Hi John,

In computer science there is something interesting which can be seen as a critics or as a vindication of what you are saying. That thing is the Church thesis, also called Church-Turing thesis, (CT) and which has been proposed independently by Babbage (I have evidence for that), Emil Post (the first if we forget Babbage), Kleene, Turing, Markov, but not by Church (actually).


The thesis has many versions. One version is that ALL computable functions can be defined in term of lambda expressions, or in term of Turing machines, or in term of Markov algorithm, or in term of Post production system, etc. All those versions are provably equivalent.

Such a thesis *seems* to be in opposition with your idea that complete knowledge is impossible. But it is not.

The contrary happens. Indeed the thesis concerns only completeness with respect to computability, and then, as I have already explain on this list, it entails the incompleteness of any effective knowability concerning just the world of what machines can do. Church thesis makes it impossible to find *any* complete theory about the behavior of machines. I explain this in the first footnote of the Plotinus' paper. I can explain if someone ask more. It is proved by a typical use of the (Cantor) diagonalization procedure.
It vindicates what you say, really. We can sum up this by

Completeness with respect of computability provably entails a strong form of incompleteness for our means of knowability and provability about machines' possible behavior.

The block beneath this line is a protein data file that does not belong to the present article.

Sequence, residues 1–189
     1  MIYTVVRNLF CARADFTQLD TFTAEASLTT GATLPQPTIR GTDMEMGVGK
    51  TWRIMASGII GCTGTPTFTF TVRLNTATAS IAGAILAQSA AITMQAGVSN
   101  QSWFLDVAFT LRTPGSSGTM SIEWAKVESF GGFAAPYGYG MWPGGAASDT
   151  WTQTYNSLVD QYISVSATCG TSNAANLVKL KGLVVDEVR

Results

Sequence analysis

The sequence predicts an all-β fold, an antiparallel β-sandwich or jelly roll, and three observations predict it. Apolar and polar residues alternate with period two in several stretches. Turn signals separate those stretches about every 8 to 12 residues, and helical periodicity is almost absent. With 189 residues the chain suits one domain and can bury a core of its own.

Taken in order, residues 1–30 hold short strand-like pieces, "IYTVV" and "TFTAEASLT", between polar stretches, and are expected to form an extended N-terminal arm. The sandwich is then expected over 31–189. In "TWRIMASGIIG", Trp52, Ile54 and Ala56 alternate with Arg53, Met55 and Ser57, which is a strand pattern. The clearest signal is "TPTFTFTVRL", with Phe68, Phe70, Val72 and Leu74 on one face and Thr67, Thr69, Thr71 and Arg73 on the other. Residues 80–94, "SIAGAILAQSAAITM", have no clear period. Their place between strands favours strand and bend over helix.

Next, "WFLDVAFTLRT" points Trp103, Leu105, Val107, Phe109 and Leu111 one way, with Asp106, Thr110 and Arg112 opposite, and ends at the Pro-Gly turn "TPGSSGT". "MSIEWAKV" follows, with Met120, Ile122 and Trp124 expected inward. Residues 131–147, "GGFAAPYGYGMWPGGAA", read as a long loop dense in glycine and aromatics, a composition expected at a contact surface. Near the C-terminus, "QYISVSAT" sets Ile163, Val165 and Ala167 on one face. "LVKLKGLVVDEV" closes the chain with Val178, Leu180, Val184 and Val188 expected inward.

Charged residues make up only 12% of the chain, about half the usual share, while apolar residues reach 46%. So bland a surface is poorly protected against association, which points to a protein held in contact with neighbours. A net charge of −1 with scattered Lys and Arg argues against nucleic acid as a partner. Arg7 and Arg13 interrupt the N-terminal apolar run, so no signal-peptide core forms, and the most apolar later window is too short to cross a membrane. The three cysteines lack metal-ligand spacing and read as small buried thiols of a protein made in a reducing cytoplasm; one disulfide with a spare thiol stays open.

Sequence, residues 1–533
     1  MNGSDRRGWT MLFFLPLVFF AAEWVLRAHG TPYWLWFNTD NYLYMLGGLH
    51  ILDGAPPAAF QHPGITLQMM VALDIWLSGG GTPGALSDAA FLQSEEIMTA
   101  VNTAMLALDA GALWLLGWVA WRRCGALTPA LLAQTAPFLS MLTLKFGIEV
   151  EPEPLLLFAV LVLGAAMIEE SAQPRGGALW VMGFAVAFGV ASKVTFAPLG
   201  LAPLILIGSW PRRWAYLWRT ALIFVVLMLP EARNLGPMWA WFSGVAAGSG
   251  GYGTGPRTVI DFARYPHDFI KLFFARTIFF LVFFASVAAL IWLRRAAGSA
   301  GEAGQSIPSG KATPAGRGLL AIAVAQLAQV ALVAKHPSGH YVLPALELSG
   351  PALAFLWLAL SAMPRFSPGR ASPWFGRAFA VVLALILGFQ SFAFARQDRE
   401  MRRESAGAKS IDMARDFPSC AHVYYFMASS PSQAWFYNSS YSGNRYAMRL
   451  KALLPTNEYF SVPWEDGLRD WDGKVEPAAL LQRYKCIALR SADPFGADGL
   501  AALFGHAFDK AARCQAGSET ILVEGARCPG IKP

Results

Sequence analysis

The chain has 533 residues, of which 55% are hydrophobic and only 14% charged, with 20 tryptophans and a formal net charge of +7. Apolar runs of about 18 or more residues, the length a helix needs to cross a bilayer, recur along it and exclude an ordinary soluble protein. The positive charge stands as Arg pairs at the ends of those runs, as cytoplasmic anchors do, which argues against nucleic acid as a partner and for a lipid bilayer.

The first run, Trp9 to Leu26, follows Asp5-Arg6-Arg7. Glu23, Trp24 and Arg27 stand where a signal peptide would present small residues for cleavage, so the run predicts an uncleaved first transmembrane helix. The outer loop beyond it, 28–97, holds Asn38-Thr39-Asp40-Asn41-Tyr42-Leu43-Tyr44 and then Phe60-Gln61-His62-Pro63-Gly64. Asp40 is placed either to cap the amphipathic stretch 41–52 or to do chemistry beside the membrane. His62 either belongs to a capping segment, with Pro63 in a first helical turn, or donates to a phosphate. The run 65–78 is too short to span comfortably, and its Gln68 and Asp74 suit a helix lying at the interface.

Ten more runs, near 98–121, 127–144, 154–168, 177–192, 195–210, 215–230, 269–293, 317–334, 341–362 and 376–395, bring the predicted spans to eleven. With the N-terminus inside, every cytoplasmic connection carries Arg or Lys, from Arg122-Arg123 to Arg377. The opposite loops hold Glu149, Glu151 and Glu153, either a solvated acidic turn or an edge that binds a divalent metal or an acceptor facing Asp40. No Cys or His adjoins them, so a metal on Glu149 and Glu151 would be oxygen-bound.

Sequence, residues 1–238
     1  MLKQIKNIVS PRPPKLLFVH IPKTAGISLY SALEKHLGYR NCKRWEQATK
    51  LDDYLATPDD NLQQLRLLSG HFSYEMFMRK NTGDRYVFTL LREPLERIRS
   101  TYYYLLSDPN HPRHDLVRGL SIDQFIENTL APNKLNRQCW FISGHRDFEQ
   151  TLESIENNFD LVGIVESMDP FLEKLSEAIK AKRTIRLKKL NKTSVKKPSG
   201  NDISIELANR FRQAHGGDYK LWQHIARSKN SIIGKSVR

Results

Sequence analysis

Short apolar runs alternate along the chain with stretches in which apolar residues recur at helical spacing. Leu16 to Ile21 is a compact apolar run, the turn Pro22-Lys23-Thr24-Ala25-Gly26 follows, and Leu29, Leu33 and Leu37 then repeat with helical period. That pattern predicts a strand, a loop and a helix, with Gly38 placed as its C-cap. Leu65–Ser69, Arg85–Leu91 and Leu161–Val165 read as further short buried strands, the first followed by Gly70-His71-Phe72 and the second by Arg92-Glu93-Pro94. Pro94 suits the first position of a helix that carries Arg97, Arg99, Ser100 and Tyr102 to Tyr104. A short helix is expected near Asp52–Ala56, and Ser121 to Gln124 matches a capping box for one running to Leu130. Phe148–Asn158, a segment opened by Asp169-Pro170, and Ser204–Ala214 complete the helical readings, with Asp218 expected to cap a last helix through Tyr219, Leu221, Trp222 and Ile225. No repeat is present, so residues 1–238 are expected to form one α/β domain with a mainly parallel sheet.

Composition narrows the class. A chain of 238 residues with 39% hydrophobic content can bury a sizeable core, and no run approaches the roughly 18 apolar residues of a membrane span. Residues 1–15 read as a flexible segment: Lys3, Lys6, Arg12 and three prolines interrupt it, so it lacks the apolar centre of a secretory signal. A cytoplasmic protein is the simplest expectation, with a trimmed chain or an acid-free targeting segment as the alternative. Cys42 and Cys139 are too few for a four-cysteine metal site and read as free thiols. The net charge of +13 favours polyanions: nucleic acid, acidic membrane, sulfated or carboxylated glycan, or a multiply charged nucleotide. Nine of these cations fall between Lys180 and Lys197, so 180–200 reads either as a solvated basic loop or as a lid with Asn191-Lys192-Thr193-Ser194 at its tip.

This can be proved rigorously in few lines. It is stronger and easier than Gödel's incompleteness, and it entails Gödel's incompleteness once we can show that the propositions on the computable function can be translated into arithmetical propositions (the lengthy tedious part of Gödel's proof).

Not only Church thesis makes it possible to think about 'everything', but it makes us able to prove our (machine's) limitation about the knowledge about that everything. In any case, this makes us modest, because either CT is wrong and we are incomplete for computability, or CT is true and we are incomplete about our knowledge about computability, machines, and numbers.

Best,

Bruno



On 16 Mar 2011, at 17:10, John Mikes wrote:

In my opinion an oxymoron.
We cannot even 'think' of it without a complete knowledge of everything, the entire wholeness, call it 'totality' underlying such 'theory'. "All possible" anything, (algorithms, descriptions, assumptions, whatever) - encompass only those 'possibilities' we can think of in the volume of our acquired knowledge (of yesterday). Even (our?) 'impossibilities' are impossible within such framework. We cannot step out from our circle of knowledge into the unlimited unknown world. Any comp we can identify (or even just 'speak' about) is within our world of known items and their relations. Includable into our ongoing mindset. Compare such framework of yesterday with a similar assumption of 1000, or 3000 years ago and the inductive development will be
obvious.
There is no way we could include the presently (still?) unknown (but maybe tomorrow learnable) details of the world (including maybe new logical ways, math, phenomenological domains, etc.) into our today's worldview of "all possible". [Forget about sci-fi]

Maybe even the ways of composing 'our' items (topics, factors, relations and even 'numbers') is a restricted limitational view in the 'model' representing the present level of our development - of which conventional sciences form a part. Comparing e.g. the caveman-views with Greek mythology and with modern 'scientific' futurism (like some on this list) supports this opinion. So I would be cautious to use the qualifier 'COMPLETE'.

John Mikes

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